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Transverse Myelitis (TM) and Multiple Sclerosis


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What is transverse myelitis (TM)?

Transverse myelitis (TM) is a neurological disorder caused by inflammation (swelling) across both sides of one segment of the spinal cord. Inflammation can damage or destroy myelin, the fatty protective substance that covers nerve fibers. This damage causes scars that interrupt the communication between the nerves in the spinal cord and the rest of the body.

Most people affected by TM will have only one attack. A small percentage may have more than one. This is more likely if they have multiple sclerosis, neuromyelitis optica spectrum disorder (NMOSD) or myelin oligodendrocyte glycoprotein antibody disease (MOGAD). TM can appear as the first symptom in conditions such as MS or NMOSD. Some people recover with minor or no problems. Others may have lasting symptoms that impact their quality of life. Physical rehabilitation is recommended to help people with TM recover.

Transverse myelitis symptoms

Pain is often the first symptom of TM, generally beginning as a lower back pain. The location of the spinal cord where the damage occurs determines which parts of the body are affected. Damage at one area will affect function at that area and the areas below it.

Other early symptoms can include:

  • Sensitivity to touch — clothing or a light touch with a finger causes significant discomfort or pain
  • Weakness in the arms or legs
  • Sensory symptoms such as numbness, tingling, burning, tickling, or prickling in the legs, feet or toes
  • Bowel and bladder problems — may include an increased frequency of the urge to urinate or have bowel movements, loss of bowel or bladder control, difficulty urinating, constipation or the feeling of incomplete bowel evacuation
  • Heightened sensitivity to changes in temperature or to extreme heat or cold
  • Fatigue

TM symptoms can develop over hours to several days or more gradually over a period of 1 to 4 weeks.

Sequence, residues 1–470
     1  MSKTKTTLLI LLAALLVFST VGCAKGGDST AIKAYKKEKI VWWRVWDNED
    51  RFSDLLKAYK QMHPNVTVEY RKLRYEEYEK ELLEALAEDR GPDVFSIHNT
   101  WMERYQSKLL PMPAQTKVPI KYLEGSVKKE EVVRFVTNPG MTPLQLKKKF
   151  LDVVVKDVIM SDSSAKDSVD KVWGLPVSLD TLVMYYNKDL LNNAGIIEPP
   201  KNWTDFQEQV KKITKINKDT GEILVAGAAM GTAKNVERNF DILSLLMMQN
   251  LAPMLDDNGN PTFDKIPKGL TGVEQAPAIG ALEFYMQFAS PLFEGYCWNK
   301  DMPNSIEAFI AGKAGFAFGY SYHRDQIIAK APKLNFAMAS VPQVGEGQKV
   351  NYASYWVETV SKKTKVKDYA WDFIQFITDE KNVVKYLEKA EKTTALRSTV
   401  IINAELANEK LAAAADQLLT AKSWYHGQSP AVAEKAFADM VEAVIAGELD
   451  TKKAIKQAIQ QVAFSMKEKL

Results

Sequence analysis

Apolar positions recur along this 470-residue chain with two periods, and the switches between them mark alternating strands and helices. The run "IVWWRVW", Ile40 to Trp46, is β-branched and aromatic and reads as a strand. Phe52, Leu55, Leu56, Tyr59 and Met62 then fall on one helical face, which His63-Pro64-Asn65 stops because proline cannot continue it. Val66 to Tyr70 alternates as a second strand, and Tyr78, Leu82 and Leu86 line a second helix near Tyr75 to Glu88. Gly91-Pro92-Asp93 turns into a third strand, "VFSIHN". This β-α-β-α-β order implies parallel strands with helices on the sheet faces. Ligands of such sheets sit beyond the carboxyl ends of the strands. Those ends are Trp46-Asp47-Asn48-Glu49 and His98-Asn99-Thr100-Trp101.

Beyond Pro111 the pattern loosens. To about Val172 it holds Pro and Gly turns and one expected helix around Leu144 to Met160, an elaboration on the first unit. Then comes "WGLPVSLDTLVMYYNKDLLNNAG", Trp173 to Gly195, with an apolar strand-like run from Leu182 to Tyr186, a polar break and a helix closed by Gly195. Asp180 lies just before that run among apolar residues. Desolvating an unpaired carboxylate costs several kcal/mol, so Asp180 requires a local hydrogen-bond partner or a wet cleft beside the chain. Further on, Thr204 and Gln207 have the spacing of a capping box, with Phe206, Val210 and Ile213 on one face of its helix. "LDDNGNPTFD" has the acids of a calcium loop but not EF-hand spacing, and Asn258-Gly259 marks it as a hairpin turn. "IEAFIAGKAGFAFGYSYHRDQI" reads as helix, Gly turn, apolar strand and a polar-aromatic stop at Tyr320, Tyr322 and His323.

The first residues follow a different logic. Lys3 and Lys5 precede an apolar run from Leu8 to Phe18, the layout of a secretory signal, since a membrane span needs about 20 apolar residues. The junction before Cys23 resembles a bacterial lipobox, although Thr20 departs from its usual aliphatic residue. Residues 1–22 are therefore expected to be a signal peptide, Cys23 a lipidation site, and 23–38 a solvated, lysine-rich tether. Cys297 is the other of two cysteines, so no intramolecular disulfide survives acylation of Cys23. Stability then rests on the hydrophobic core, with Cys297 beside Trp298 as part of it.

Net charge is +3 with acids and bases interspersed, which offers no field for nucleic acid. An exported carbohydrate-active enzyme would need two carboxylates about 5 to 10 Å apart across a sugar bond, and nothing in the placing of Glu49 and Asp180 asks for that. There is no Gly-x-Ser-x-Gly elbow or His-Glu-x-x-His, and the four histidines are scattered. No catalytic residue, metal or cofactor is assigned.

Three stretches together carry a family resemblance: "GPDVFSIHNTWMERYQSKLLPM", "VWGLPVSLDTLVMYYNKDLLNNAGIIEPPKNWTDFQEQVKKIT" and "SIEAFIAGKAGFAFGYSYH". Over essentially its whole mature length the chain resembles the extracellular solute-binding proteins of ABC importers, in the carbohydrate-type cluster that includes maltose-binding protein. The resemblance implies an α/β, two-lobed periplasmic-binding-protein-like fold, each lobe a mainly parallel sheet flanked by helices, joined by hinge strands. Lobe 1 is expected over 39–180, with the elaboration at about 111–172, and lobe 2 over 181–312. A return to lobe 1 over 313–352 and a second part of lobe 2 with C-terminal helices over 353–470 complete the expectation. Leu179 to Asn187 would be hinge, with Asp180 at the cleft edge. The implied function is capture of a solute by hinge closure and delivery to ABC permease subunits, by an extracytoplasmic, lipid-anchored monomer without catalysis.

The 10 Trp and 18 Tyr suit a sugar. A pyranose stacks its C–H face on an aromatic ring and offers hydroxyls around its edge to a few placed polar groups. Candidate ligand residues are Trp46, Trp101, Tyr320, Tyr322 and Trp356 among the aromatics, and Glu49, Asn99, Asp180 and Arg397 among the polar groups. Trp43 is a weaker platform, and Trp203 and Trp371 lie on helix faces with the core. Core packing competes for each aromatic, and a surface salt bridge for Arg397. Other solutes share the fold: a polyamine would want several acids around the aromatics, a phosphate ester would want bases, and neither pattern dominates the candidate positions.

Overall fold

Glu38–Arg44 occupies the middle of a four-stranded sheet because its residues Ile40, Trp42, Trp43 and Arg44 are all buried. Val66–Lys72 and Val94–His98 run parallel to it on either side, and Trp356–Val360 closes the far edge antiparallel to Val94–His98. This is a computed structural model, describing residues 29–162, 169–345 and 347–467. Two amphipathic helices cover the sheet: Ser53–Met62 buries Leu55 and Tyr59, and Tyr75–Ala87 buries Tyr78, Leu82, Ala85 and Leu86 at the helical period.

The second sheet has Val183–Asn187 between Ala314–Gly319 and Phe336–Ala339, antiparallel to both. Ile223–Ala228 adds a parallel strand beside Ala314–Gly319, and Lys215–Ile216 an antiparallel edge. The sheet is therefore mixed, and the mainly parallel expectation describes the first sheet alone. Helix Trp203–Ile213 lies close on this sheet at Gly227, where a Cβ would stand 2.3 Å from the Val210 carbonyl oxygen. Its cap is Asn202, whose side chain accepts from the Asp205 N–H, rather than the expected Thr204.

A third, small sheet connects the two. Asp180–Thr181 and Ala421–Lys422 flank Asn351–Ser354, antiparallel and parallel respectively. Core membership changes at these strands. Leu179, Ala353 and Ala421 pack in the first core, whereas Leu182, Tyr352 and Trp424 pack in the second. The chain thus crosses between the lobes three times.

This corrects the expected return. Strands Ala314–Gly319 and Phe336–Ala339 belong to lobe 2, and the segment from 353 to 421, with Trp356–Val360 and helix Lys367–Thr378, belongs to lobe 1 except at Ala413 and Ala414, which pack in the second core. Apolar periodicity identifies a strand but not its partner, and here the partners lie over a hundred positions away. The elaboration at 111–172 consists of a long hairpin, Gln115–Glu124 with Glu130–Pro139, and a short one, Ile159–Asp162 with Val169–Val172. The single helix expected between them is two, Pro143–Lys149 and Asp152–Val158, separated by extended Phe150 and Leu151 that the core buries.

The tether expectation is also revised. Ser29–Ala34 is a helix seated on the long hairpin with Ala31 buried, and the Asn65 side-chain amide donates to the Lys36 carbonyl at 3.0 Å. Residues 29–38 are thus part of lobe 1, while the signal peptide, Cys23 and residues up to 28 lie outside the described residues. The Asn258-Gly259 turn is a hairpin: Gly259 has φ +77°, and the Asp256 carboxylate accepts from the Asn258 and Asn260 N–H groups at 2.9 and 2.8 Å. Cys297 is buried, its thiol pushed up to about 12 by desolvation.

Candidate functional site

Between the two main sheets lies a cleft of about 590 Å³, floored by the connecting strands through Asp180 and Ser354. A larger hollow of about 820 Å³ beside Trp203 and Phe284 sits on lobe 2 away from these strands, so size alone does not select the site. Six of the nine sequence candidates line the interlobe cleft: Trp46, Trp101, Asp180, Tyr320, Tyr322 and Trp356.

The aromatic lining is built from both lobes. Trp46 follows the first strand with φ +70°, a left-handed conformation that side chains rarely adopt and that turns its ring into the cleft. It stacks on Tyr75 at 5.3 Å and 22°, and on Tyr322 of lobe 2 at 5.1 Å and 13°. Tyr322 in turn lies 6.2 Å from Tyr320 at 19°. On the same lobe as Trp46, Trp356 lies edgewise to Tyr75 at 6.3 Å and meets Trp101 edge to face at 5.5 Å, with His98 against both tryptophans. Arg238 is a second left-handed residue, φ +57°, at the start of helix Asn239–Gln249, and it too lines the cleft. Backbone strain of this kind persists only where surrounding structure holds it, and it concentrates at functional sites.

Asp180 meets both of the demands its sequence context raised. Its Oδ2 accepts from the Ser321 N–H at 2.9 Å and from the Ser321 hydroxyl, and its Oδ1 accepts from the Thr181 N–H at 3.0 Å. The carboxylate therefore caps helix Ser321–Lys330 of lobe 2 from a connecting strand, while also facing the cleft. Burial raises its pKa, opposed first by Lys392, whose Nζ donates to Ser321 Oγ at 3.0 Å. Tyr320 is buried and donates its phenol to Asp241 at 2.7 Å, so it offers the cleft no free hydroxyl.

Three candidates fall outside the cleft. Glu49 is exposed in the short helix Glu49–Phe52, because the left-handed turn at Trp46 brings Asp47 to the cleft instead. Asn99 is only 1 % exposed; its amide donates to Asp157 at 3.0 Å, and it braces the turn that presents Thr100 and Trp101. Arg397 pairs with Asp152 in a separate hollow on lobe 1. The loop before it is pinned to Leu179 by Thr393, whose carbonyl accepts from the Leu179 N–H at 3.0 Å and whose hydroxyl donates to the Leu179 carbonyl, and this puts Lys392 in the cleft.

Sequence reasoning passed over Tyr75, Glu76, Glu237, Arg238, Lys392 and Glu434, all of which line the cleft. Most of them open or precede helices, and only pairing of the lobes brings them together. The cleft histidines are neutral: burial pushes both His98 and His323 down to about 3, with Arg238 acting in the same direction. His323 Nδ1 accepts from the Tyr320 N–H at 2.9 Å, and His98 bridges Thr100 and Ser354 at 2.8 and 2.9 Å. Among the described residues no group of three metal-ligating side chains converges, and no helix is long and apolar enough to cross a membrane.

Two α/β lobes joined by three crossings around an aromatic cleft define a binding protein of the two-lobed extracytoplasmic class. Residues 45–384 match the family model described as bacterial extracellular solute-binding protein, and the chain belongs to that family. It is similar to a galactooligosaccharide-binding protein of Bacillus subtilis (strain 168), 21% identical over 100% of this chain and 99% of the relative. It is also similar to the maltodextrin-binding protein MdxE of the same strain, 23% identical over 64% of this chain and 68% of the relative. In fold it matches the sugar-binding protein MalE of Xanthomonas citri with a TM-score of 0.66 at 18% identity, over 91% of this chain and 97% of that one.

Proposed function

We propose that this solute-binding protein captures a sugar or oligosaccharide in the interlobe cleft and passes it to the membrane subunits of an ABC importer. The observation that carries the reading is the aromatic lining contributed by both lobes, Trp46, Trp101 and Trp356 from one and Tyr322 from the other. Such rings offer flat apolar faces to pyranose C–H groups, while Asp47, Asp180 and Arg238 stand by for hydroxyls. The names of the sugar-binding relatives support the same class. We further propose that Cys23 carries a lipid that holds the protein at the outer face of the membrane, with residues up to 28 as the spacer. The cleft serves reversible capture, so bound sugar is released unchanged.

What causes transverse myelitis?

Researchers have not determined the exact cause of the damage to the spinal cord, but believe it is due to an autoimmune reaction to a viral or bacterial infection. In autoimmune diseases, the immune system mistakenly attacks the body’s own tissue, causing inflammation (swelling) that results in damage to the myelin.

These infections can be viral or bacterial and include:

  • Viral infections such as herpes simplex, cytomegalovirus, Epstein-Barr, influenza, echovirus, HIV, hepatitis A, rubella, chicken pox and shingles

  • Bacterial infections such as skin infections, middle-ear infections and bacterial pneumonia

Some cancers may also trigger an abnormal immune response that leads to TM.

Transverse myelitis and multiple sclerosis

In some people, transverse myelitis is the first symptom of an immune-mediated disease such as MS or NMOSD. Many individuals who have TM do not go on to develop MS.

How is transverse myelitis diagnosed?

The process of diagnosis includes:

  • A complete medical history, including any history of recent viral, bacterial, fungal or parasitic infections or cancer
  • A thorough neurological examination
  • Magnetic resonance imaging (MRI)
  • Blood tests to identify other possible causes of the symptoms such as systemic lupus erythematosus (lupus), HIV infection, or vitamin B12 deficiency, and to check for antibodies (proteins in the blood) associated with TM, including anti-AQP4 and anti-MOG antibodies
  • Lumbar puncture (spinal tap) to examine the fluid that surrounds the brain and spinal cord for white blood cells (indicating a possible infection) and to look for signs of diseases such as MS
  • Spinal angiography, which involves injecting dye through a catheter to assess the blood vessels of the spinal cord for problems